Powerful Geography Conference Wrap-Up
by Tommy Larsen
On 1-4 November 2018, the Powerful Geography Conference convened at the University of Costa Rica (UCR) in San José. Powerful Geography proposes to use empirical research to better align national- and state-level geography standards to student aspirations and regional job markets.
The bilingual conference clarified the scope and prospect of Powerful Geography. The event also confirmed international interests to apply Powerful Geography’s approach to Mexico, Central America, and South America.
The three-day event featured 60 participants, 2 field trips, and 2 sets of concurring roundtables. Its 41 presentations included 1 national speaker, 1 keynote, and 2 plenaries. The event was made possible through the coordination of the Grosvenor Center for Geographic Education, the National Center for Research in Geography Education (NCRGE), and the UCR’s Department of Geography.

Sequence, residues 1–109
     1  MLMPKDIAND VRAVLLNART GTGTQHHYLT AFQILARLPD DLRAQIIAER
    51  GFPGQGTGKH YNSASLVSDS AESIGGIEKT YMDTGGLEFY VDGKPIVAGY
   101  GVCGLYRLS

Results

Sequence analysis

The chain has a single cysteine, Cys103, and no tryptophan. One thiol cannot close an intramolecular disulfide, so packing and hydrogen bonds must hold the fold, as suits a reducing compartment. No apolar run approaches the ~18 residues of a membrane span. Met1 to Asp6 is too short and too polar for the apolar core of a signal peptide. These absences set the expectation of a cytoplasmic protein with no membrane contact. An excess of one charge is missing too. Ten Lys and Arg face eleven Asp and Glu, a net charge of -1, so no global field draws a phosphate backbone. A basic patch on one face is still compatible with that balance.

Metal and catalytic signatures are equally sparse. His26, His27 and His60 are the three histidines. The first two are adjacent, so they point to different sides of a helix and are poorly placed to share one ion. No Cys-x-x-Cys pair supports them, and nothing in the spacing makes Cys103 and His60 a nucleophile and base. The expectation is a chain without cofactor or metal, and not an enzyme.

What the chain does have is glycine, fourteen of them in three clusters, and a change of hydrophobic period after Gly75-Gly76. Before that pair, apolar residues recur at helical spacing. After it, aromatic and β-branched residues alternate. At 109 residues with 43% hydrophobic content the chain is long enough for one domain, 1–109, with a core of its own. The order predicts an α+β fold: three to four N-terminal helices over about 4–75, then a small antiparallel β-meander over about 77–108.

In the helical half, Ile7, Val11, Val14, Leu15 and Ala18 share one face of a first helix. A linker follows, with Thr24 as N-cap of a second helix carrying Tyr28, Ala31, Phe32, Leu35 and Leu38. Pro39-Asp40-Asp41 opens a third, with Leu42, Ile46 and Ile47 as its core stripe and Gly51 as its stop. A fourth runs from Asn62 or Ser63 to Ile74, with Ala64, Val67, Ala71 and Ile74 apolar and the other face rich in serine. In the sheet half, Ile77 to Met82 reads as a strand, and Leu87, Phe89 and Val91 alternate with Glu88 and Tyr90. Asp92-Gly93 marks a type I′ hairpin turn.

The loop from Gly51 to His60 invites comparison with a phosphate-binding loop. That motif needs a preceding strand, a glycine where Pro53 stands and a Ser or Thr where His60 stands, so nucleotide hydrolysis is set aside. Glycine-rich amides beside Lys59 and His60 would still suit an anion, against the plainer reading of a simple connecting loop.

The conference began with a national speaker address by Mr. Edgar Mora Altamirano, the Minister of Public Education for Costa Rica. Mr. Altamirano’s presentation was followed by a keynote from Dr. David Lambert, entitled “The Anthropocene, Freedom, Geography, and the Future.” The University College London professor outlined the importance of conjoining powerful knowledge, the imaginative capacity to think the ‘not yet thought’ (Young and Muller 2013), and geography education to enhance student agency, responsibility, and freedom (Lambert, Solem, and Tani 2015). The juncture between geography and student capabilities becomes ever more significant during the Anthropocene, an age of accelerating technology, global threats, and culture shifts (see also Crutzen and Stoermer 2000; Crutzen 2002; Lovejoy 2017). Powerful Geography, Dr. Lambert alluded, requires being able to have students better comprehend what Wadley (2008, 650) calls the “meta-issues of the era.”